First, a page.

Bettina C. Prator

Disclosures

J Neurosci Nurs. 2006;38(2):102-105. 

In This Article

Case Study

A 55-year-old man was transferred from a community hospital emergency department to a major teaching hospital emergency department with chief complaints of altered mental status and fever. Immediately before transfer, the patient was treated with intravenous vancomycin and ceftriaxone for possible meningitis. On arrival at the emergency department, the patient was noted to be confused, restless, and diaphoretic, with a body temperature of 102.7º F and a heart rate of 130 beats per minute. Further examination revealed tremors at rest, inducible and spontaneous bilateral myoclonus of the feet, and hyperreflexia, specifically in both lower extremities. The patient's past medical history included depression and anxiety, for which he had been taking phenelzine sulfate and clonazepam for the last few years. His spouse reported that he had been taking tramadol for the last 2 months, as needed, for headaches. A head CT scan revealed no acute process. A urine drug screen was negative, and a complete blood count was unremarkable. Blood chemistry revealed sodium 151mmol/L, potassium 4.4 meq/L, chloride 115 meq/L, bicarbonate 21 meq/L, BUN 34 mg/dl, creatinine 2.0 mg/dl, and glucose 112 mg/dl. An arterial blood gas revealed metabolic acidosis with pH 7.32; pCO2 and pO2 were otherwise unremarkable. Due to severe restlessness that did not improve with lorazepam, the patient was intubated and chemically paralyzed with rocuronium. Diagnostic lumbar puncture was then done with an opening pressure of 8 mm Hg. Cerebrospinal fluid chemistries, bacterial antigen, and gram stain were negative. A serum creatine kinase of 24,421 IU/L with serum myoglobin of 4,944 mg/ml was noted; urine myoglobin was 239 mg/ml. Aggressive fluid resuscitation using intravenous saline at 250 cc/hr was initiated. The patient was then admitted to the neurotrauma intensive care unit (NTICU) with a diagnosis of serotonin syndrome and rhabdomyolysis.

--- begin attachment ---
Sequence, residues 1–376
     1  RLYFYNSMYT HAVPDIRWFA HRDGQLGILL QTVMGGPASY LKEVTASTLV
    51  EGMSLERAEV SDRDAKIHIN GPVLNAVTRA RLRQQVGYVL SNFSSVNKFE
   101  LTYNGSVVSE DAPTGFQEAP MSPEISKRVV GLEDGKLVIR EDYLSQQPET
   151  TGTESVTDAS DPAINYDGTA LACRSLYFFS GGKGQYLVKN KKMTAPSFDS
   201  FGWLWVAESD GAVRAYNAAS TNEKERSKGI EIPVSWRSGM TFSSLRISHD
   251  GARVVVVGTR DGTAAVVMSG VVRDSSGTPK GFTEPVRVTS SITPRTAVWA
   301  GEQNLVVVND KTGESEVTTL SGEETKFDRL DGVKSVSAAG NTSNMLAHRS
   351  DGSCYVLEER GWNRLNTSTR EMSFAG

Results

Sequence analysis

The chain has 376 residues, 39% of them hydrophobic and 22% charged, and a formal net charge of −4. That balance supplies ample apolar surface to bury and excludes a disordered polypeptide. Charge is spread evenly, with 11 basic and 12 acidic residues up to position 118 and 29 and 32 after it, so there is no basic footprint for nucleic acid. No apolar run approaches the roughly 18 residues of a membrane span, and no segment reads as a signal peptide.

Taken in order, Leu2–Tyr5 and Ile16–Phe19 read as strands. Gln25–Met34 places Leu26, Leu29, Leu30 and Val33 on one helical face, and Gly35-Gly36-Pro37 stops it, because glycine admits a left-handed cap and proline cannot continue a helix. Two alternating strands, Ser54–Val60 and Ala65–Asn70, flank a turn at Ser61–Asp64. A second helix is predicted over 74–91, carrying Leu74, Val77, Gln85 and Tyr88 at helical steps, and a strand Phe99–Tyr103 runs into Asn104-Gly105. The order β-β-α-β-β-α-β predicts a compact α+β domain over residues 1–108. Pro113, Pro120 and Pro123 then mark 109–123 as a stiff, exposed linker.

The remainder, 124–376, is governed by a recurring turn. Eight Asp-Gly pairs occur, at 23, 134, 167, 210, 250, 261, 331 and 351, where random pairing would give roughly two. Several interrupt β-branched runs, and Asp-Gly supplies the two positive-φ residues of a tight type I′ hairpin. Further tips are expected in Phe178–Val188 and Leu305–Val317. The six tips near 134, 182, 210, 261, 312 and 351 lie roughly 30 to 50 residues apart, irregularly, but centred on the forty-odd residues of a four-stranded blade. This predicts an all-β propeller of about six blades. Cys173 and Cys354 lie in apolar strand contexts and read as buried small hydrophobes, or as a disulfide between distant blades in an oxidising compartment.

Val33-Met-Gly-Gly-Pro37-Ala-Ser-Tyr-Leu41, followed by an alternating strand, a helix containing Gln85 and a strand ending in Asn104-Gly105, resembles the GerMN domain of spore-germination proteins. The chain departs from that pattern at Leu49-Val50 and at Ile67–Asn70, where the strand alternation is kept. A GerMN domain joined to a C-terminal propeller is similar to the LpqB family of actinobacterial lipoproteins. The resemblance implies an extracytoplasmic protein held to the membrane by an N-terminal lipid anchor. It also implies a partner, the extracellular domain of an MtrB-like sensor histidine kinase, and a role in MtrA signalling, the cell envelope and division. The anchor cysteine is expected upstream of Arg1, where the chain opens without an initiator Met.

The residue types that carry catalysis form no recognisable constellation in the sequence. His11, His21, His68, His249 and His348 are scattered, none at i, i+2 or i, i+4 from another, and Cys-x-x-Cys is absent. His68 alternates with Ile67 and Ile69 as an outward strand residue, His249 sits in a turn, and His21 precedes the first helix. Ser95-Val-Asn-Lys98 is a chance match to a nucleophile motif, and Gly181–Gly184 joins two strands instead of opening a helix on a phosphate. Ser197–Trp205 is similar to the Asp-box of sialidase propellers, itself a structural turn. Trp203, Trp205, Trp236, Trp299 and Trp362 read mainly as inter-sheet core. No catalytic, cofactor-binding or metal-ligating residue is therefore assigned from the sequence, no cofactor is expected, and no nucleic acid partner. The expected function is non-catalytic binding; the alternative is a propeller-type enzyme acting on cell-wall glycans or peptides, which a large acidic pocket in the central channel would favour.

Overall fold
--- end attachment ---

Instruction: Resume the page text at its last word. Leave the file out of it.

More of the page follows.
Supportive measures including sedation, mechanical ventilation, and fluid resuscitation were provided at the NTICU. Phenelzine sulfate and tramadol were withheld. On his second day on the NTICU, the patient's confusion and agitation improved, no further tachycardia and fever were noted, and a reduction in tremors and hyperreflexia was observed. Serum creatinine and CK were within normal limits. The patient was extubated and transferred out of the NTICU after 24 hours.

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